0
Get Alert
Please Wait... Processing your request... Please Wait.
You must sign in to sign-up for alerts.

Please confirm that your email address is correct, so you can successfully receive this alert.

1
REGULAR ARTICLES   |    
Obsessive-compulsive disorder in the community: an epidemiologic survey with clinical reappraisal
Am J Psychiatry 1997;154:1120-1126.
text A A A
PDF of the full text article.

Abstract

OBJECTIVE: To examine the prevalence of obsessive-compulsive symptoms and DSM-IV obsessive-compulsive disorder (OCD), the authors conducted a telephone survey of 2,261 adults in four regions of Canada. METHOD: Trained lay interviewers administered a modified version of the OCD section of the Comprehensive International Diagnostic Interview. A subsample of respondents with probable cases and probable subclinical cases of OCD was then blindly reinterviewed by research personnel experienced in the assessment of OCD, using the Structured Clinical Interview for DSM-IV and the Yale-Brown Obsessive Compulsive Scale, to confirm the diagnosis and gauge the severity of OCD. RESULTS: The weighted 1-month prevalence of OCD in the entire sample according to the lay interviews was 3.1%. Upon clinical reappraisal, the 1-month prevalence estimate of OCD dropped to 0.6%; an additional 0.6% had subclinical OCD. The mean Yale-Brown Obsessive Compulsive Scale score of the individuals with OCD was 19.0 (SD = 4.6, median = 21); for those with subclinical OCD, the mean score was 15.4 (SD = 2.4, median = 14). Common reasons for overdiagnosis of OCD by the lay interviewers were inappropriate labeling of worries or concerns as obsessions and overestimating the degree of interference or distress attributable to obsessive-compulsive symptoms. CONCLUSIONS: OCD, while hardly a rare condition, may be somewhat less prevalent than had been believed on the basis of previous surveys. Additional studies are needed to substantiate these findings and to delineate precisely the extent of disability and reduced quality of life attributable to OCD (and OCD variants) in the community.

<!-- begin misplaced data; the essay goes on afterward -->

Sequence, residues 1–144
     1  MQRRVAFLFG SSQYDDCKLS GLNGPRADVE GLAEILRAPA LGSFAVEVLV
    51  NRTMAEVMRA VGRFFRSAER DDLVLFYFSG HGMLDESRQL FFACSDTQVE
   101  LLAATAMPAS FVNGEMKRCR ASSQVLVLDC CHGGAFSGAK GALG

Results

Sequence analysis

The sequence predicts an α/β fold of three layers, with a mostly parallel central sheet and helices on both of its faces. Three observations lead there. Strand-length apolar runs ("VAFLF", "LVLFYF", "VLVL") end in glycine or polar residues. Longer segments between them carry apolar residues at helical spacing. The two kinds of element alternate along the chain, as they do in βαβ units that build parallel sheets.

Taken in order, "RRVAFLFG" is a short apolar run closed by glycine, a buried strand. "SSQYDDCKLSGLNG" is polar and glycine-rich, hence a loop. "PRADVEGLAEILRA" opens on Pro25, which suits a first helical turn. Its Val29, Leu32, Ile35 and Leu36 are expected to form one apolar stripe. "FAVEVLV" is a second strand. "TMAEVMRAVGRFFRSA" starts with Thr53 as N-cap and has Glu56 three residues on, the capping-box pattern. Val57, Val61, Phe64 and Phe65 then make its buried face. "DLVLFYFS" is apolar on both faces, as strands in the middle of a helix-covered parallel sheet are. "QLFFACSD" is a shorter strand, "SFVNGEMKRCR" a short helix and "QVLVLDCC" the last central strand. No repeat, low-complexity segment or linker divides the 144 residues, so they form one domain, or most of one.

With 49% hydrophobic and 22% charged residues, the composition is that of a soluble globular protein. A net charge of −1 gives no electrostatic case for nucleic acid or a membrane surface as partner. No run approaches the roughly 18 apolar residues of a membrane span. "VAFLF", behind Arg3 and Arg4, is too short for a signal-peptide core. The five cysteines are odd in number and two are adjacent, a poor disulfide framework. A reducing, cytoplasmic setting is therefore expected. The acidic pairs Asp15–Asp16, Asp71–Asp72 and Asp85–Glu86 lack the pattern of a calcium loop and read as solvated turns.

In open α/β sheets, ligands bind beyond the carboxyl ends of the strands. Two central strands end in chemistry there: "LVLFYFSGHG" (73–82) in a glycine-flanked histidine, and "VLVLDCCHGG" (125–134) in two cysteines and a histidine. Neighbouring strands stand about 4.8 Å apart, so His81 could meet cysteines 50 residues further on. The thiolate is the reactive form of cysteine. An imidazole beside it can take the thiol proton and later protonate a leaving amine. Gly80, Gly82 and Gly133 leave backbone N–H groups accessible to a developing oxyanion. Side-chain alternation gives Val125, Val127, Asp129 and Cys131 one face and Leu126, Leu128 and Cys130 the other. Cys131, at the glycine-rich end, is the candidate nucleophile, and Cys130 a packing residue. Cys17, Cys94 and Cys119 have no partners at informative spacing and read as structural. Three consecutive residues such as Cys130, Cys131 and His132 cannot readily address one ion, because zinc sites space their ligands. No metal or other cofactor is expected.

Abstract Teaser
Figures in this Article

+

References

+
+

CME Activity

There is currently no quiz available for this resource. Please click here to go to the CME page to find another.
Submit a Comments
Please read the other comments before you post yours. Contributors must reveal any conflict of interest.
Comments are moderated and will appear on the site at the discertion of APA editorial staff.

* = Required Field
(if multiple authors, separate names by comma)
Example: John Doe



Web of Science® Times Cited: 106

Related Content
Articles
Books
The American Psychiatric Publishing Textbook of Psychiatry, 5th Edition > Chapter 12.  >
Gabbard's Treatments of Psychiatric Disorders, 4th Edition > Chapter 3.  >
Gabbard's Treatments of Psychiatric Disorders, 4th Edition > Chapter 3.  >
Gabbard's Treatments of Psychiatric Disorders, 4th Edition > Chapter 3.  >
Gabbard's Treatments of Psychiatric Disorders, 4th Edition > Chapter 3.  >
Topic Collections
Psychiatric News
Read more at Psychiatric News >>
APA Guidelines
PubMed Articles